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Ketchup cocktail, anyone? Why bartenders are embracing alternative flavours

From Vegemite to Wagyu beef, are bartenders taking cocktail ingredients too far? Eloise Feilden finds out.

Ketchup cocktail, anyone? Why bartenders are embracing alternative flavours

“There’s a growing trend for alternative and savoury flavours in cocktails, and we’re fully on board with it,” says Paul Aguilar, R&D manager at Himkok in Oslo, Norway. Ranked number 10 in the 2023 World’s 50 Best Bars list, Himkok’s mixology team incorporates local herbs, spices and vegetables which are “deeply rooted in Nordic cuisine” in the drinks menu. And its latest cocktail, the Parsnip, is no exception.

Made using Buffalo Trace, Parsnip Maple Syrup and Angostura cocoa bitters, the Parsnip is not Himkok’s first venture into the world of veg, having experimented with cucumber, carrots and beetroot in the past.

Himkok’s Parsnip cocktail

Using alternative, and sometimes seemingly unappetising, cocktail flavours is a sure-fire way to turn heads.

Nico de Soto, founder of London’s Wacky Wombat and Parisian bar Danico, is not one to shy away from an intriguing flavour combination.

Wacky Wombat’s V on P may be a twist on a Pisco Sour, but the Vegemite used in its creation adds a distinct “vegetal, sour profile”. Alternative flavours are far more trendy than classic cocktails these days, de Soto argues. And bars in Europe are taking inspiration from Asia’s mixology scene, where “you will find the majority of bars base their cocktails menu on obscure ingredients and spice, which also link to their cuisine”, he says.

V ON P – Pisco is infused with fig leaf as well as a tiny bit of golden beet, lime, gooseberry and vinegar. To make the bitters, de Soto infuses gooseberries with Vegemite and adds drops to the final cocktail. Credit: Julie Spicy

At Danico, de Soto has developed a Wagyu beef twist on a Paloma as part of the Japanese-inspired menu. “The current cocktail menu theme at Danico is ‘Japan’ which launched earlier this year.
As soon as I realised that I wanted to focus on this country, Wagyu beef instantly jumped out,” he says.

Wagyu is fat-washed and infused with miso, green tea and Shochu, before combining with grapefruit, water and Wakame Kombu seaweed.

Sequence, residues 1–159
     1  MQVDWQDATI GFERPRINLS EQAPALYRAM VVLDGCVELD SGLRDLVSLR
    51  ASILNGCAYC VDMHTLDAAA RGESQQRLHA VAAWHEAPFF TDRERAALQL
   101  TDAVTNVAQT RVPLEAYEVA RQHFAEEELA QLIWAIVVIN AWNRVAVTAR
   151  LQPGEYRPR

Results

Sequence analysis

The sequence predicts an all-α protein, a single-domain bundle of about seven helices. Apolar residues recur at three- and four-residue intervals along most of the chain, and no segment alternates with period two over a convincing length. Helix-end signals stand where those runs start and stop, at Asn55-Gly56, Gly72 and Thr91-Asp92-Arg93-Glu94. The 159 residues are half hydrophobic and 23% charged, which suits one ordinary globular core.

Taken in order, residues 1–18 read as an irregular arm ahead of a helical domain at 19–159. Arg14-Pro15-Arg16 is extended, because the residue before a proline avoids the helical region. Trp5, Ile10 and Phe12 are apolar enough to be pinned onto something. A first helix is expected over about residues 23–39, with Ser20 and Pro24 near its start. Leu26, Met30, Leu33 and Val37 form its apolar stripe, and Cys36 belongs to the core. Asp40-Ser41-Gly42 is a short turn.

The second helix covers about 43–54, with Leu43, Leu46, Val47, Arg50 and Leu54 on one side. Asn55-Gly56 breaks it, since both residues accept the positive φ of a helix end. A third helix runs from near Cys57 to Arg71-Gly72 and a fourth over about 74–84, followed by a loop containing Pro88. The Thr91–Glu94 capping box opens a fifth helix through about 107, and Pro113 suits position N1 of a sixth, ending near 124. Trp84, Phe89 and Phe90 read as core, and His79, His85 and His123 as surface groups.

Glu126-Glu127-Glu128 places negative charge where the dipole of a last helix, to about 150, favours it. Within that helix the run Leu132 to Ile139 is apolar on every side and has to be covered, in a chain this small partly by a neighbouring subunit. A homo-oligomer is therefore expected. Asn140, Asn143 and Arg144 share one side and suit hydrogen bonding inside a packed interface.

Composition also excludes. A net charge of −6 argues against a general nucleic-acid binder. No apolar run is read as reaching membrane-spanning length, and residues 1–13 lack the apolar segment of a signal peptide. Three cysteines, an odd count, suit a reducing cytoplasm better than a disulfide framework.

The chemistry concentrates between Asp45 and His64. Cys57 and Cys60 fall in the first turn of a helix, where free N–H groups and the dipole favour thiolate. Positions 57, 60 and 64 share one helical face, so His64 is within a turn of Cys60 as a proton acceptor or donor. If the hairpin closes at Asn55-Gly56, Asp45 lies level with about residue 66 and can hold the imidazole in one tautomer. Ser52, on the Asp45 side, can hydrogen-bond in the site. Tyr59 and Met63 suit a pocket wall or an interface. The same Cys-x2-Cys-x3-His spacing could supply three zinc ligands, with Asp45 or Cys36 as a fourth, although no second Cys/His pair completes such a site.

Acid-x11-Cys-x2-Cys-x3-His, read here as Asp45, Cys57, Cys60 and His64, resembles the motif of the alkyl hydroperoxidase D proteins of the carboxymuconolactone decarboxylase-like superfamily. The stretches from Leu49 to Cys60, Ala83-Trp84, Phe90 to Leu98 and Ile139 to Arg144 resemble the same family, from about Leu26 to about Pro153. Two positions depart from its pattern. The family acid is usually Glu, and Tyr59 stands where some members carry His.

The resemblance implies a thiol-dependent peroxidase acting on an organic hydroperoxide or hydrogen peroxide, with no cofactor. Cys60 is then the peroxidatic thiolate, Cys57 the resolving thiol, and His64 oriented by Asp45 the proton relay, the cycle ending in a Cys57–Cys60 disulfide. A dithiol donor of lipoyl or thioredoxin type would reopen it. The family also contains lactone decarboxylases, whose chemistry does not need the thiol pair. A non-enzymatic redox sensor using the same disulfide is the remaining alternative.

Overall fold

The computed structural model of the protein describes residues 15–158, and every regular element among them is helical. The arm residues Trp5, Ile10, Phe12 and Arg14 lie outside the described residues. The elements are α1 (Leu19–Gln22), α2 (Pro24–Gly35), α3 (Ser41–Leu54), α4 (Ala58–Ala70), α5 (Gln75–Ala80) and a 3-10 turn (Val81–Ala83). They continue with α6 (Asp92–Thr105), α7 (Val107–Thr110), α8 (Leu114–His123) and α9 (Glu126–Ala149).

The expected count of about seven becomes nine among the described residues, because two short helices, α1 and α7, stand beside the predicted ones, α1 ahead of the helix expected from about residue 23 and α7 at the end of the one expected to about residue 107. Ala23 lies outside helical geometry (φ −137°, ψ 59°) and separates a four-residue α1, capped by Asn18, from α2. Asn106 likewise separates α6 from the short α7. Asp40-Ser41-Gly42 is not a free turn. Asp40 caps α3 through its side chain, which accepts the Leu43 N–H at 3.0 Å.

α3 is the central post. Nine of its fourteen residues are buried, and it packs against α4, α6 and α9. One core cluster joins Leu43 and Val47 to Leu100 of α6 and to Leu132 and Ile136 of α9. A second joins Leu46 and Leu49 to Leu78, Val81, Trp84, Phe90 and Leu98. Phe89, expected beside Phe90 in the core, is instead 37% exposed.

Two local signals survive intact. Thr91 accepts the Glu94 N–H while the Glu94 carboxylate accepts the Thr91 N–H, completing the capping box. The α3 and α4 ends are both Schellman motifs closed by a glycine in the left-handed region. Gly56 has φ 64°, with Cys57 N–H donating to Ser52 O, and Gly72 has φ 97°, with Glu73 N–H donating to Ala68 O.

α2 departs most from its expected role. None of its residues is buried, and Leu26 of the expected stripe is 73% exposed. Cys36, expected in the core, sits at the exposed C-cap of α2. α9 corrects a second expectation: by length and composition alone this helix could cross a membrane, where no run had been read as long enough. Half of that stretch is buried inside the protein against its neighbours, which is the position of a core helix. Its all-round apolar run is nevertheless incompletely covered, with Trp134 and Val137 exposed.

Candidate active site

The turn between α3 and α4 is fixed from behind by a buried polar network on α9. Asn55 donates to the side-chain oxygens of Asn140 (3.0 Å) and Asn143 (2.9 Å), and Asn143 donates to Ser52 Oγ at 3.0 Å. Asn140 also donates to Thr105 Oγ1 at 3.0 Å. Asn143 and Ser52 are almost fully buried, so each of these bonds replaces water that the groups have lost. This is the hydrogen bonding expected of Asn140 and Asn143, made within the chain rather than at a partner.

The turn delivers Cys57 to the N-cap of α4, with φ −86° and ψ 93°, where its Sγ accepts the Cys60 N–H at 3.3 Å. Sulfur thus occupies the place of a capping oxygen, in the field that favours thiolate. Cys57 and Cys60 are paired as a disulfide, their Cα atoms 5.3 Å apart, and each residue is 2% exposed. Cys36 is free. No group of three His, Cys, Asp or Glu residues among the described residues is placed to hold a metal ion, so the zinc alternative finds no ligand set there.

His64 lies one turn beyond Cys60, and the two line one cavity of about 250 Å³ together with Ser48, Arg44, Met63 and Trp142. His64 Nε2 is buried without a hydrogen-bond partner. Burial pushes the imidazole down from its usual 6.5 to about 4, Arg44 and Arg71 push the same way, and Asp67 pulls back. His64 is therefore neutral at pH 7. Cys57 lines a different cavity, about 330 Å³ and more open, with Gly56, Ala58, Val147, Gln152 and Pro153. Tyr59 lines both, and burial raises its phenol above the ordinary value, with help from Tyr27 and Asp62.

Creating cocktails like these takes a high level of skill, de Soto argues.

Danico’s SHINKANSEN, made with Shochu mizu green tea infused with wagyu beef fat, grapefruit cordial, kombu and wakame infusion, bamboo salt

“In order to execute savoury flavours you require more experience,” he says. “It’s way harder to use salty ingredients and craft savoury cocktails compared to using fruits and sweater ingredients.”

The drive, therefore, is in the challenge.

Christian Maspes is the bar manager at Velvet and Corinthia London. His cocktail, the Last Dance, infuses The One Lakes Whisky Colheita Cask, Aperol, Yellow Chartreuse, maples, lemon and Ketchup. He says his team researches whether compounds found in different ingredients can stimulate different sections of the palate. “The intention is not just to create a cocktail, but to curate a multisensory experience that captivates and delights the palate,” he says.

Velvet’s Last Dance

An ingredient like Ketchup is likely a hard sell for the average consumer. de Soto says getting people to try alternative cocktails is all about trust. “When you look at a menu, it’s not something most people are going to order. They tend to think the cocktail is weird, so as a bartender you really need to gain their trust and make sure they are as comfortable as possible before they start ordering.”

And it seems to be working. According to Maspes, there’s been a substantial increase in the use of Shrubs, “a delightful combination of fruit cordial and vinegar”, across European bars. “Mixologists are incorporating Umami elements and sauces to create savoury profiles that appeal to those seeking an escape from traditional sweet and fruity cocktails. A noticeable trend in recent years has been the prevalence of fermented products, such as Kombucha and lacto-fermented ingredients, adding depth and complexity to cocktails,” he says.

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